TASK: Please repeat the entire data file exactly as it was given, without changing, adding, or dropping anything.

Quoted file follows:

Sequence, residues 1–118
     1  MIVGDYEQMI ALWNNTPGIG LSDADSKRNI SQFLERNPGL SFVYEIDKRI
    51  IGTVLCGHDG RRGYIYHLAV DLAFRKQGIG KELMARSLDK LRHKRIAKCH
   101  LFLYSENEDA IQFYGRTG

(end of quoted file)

Sequence, residues 1–118
     1  MIVGDYEQMI ALWNNTPGIG LSDADSKRNI SQFLERNPGL SFVYEIDKRI
    51  IGTVLCGHDG RRGYIYHLAV DLAFRKQGIG KELMARSLDK LRHKRIAKCH
   101  LFLYSENEDA IQFYGRTG